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|WikiProject Martial arts||(Rated C-class)|
|WikiProject China||(Rated C-class, Low-importance)|
Note that there are two character versions of shuai-jiao, and the tones of the two "jiao" characters are different.
As for merging, fine with me. The problem with the insistence on Wikipedia of using the 19th century romanization system is that people will look for it the 21st century way, not find it, and assume it is not there. P0M 04:32, 22 December 2005 (UTC)
- Finding the article should be easy with redirects. Which spelling shall we use? Shawnc 12:53, 13 January 2006 (UTC)
The problem is that there are two characters and two pronunciations. Wait. I just looked it up. It's worse than that. There is 摔跤 shuai1 jiao1 and also 率角 which my Ministry of Education dictionary tells me is supposed to be shuai4 jue1 but which most people would read as shuai4 jiao3.
Since there is little possibility of English speakers making something incomprehensible out of the pin-yin romanizations, I think it probably would be best to just spell it as Shuai jiao and leave off the tone symbols.
Maybe we need to do things like they do them on Chinese Wikipedia. They only have to worry about simplified vs. traditional character forms. But maybe we should be able to have readers select their own poison as far as romanizations systems go. Otherwise, I think the best choice is to go with pin-yin in those cases where most people have no opinion or set habit on the matter and be on the side of moving everything into pin-yin when us old fogies all hit the last set of skids. P0M 08:28, 16 January 2006 (UTC)
Move critique from the article, where it doesn't belong
I am certainly not a serious scholar of Chinese languages, but I am a student of Chinese martial arts. The translation "competing to throw" captures the practice of shuai jiao, while still respecting the linguistic realities of the individual terms. --Markpfeifer999 15:28, 4 September 2006 (UTC)
- Please put discussion on the discussion page. P0M 04:43, 7 September 2006 (UTC)
I'm currently writing a page about the Leitai fighing platform of old. My initial research showed the Leitai first appeared during the Tang and Song dynasties. However, I read on this page that it was in use well into the Qin Dynasty. I've contacted the Guoshu organization that this info was linked too and they told me that both Qing and Tang/Song dynasties were correct. They told me that the Qin Dynasty info was taken from an ancient Chinest text translated by the Guoshu department of the University of Chinese culture in Taipei, Taiwan. I wrote them back in the hopes of getting the actual name of this text so it can be added to both this and the Leitai page. (!Mi luchador nombre es amoladora de la carne y traigo el dolor! 21:37, 24 September 2006 (UTC))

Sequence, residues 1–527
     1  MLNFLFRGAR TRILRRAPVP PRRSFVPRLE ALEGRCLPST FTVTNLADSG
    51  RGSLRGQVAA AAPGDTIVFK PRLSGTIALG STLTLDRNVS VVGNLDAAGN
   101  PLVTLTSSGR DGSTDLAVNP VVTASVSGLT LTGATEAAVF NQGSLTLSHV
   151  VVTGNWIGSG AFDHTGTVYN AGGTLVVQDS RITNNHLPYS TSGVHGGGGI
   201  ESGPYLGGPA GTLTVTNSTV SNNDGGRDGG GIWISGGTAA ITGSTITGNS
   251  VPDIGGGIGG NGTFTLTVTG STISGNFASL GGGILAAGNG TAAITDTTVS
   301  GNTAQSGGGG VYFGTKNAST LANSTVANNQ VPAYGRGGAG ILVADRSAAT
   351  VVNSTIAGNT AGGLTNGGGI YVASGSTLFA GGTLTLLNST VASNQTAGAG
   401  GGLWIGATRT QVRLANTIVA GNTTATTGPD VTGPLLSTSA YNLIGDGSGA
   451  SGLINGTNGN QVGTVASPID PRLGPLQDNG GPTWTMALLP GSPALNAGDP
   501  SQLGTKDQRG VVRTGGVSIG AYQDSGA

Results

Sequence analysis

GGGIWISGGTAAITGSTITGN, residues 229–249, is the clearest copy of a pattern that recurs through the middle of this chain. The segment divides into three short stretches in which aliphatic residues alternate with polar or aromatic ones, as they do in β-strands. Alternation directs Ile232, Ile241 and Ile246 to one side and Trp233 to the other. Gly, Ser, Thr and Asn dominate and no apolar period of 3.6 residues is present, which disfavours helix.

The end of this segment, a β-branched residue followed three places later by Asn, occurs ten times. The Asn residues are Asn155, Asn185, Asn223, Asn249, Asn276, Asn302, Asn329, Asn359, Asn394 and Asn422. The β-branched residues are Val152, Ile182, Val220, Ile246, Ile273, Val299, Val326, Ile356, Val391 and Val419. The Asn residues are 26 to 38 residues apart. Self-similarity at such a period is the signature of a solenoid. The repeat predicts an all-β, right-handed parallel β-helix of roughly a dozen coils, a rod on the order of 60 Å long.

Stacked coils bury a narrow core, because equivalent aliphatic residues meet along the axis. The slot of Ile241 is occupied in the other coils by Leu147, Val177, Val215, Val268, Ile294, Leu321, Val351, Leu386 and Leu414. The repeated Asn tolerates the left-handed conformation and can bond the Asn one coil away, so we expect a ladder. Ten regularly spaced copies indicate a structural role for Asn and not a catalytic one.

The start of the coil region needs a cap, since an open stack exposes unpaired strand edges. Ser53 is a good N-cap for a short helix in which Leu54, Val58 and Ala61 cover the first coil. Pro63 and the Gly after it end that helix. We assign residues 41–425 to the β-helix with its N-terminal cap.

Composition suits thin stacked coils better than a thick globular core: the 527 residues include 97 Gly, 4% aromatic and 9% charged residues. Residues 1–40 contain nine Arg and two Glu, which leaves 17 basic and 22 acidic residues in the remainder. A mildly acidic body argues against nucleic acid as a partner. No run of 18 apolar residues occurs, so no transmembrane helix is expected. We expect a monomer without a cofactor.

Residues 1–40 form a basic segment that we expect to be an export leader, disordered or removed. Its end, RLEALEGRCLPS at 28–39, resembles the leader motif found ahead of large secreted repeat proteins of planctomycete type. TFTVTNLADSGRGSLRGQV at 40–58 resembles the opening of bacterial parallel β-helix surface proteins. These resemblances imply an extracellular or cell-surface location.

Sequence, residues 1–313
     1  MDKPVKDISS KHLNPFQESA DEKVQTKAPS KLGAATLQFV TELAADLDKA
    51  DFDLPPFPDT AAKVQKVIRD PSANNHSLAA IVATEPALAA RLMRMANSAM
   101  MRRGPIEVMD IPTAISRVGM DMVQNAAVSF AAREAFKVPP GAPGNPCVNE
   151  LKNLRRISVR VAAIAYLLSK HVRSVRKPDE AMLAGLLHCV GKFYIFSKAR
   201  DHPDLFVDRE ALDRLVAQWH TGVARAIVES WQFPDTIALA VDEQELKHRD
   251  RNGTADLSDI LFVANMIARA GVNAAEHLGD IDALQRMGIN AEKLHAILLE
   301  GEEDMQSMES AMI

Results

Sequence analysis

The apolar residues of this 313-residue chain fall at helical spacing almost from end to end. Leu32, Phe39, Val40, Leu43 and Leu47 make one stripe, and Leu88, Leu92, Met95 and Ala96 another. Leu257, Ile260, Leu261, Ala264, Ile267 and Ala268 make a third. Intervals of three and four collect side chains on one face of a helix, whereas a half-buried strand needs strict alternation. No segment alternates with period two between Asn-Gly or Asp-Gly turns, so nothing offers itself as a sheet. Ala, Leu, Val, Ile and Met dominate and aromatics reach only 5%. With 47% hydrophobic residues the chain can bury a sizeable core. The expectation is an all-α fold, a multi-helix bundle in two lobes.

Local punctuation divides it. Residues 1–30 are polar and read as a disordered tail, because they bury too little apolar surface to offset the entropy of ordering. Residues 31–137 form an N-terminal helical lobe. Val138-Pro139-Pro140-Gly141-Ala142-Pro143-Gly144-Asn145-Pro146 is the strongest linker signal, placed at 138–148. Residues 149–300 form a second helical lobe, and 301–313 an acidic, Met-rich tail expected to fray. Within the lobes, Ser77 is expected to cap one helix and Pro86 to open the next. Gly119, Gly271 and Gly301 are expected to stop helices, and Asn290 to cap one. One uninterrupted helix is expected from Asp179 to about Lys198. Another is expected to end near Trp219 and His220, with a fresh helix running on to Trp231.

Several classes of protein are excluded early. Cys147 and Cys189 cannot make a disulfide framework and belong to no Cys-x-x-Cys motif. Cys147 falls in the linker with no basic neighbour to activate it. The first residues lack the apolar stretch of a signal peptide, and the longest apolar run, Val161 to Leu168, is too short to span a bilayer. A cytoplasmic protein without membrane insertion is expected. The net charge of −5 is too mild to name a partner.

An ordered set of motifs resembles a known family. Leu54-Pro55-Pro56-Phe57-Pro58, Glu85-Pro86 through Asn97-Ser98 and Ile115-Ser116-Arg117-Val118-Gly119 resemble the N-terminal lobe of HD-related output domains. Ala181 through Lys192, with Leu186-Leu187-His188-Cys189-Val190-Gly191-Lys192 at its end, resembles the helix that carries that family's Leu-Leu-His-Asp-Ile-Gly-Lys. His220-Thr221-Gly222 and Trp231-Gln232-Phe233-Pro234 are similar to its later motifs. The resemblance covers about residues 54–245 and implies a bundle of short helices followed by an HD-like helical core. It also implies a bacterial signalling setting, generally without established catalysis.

If someone had the time or knowledge it would be nice if we could expand this section. Shuai Jiao has long history. Maybe a segment about Chang Dong Sheng? Its spread after the culture revolution. Or even the training techniques? would these be suitable for wiki? im not sure of this question. but based on the other wikis on other styles of kung fu this style needs to be expanded --Blckavnger 18:47, 17 November 2006 (UTC)
I wanted to see if anybody is interested in expanding this article. im thinking following other chinese martial arts articles. however my time/talent are limited in this area.--Blckavnger (talk) 08:42, 30 January 2008 (UTC)
The military and the police in Taiwan is not training Shuaijiao. They are training Kodokan Judo. For further information please visit http://www.judo.org.tw
- well i dont want to argue with you cuz i think there is judo training, but i also know from my sources in taiwan that they still practice shuaijiao. Interestingly, ive been told one of the reasons Chang was trying to spread Shuai Jiao to US and other places because he was upset ppl in Taiwan were starting to practice Judo, which disgusted him--Blckavnger (talk) 08:39, 30 January 2008 (UTC)
Actually this is not true at all . I personally have been at the Taipei Central Police University as well as the Political Warfare College in Taipei. We have put on Shuai Chiao demonstrations there and friends of mine teach Shuai Chiao there as well. Shawn Slonsky —Preceding unsigned comment added by 126.96.36.199 (talk) 00:02, 28 October 2009 (UTC)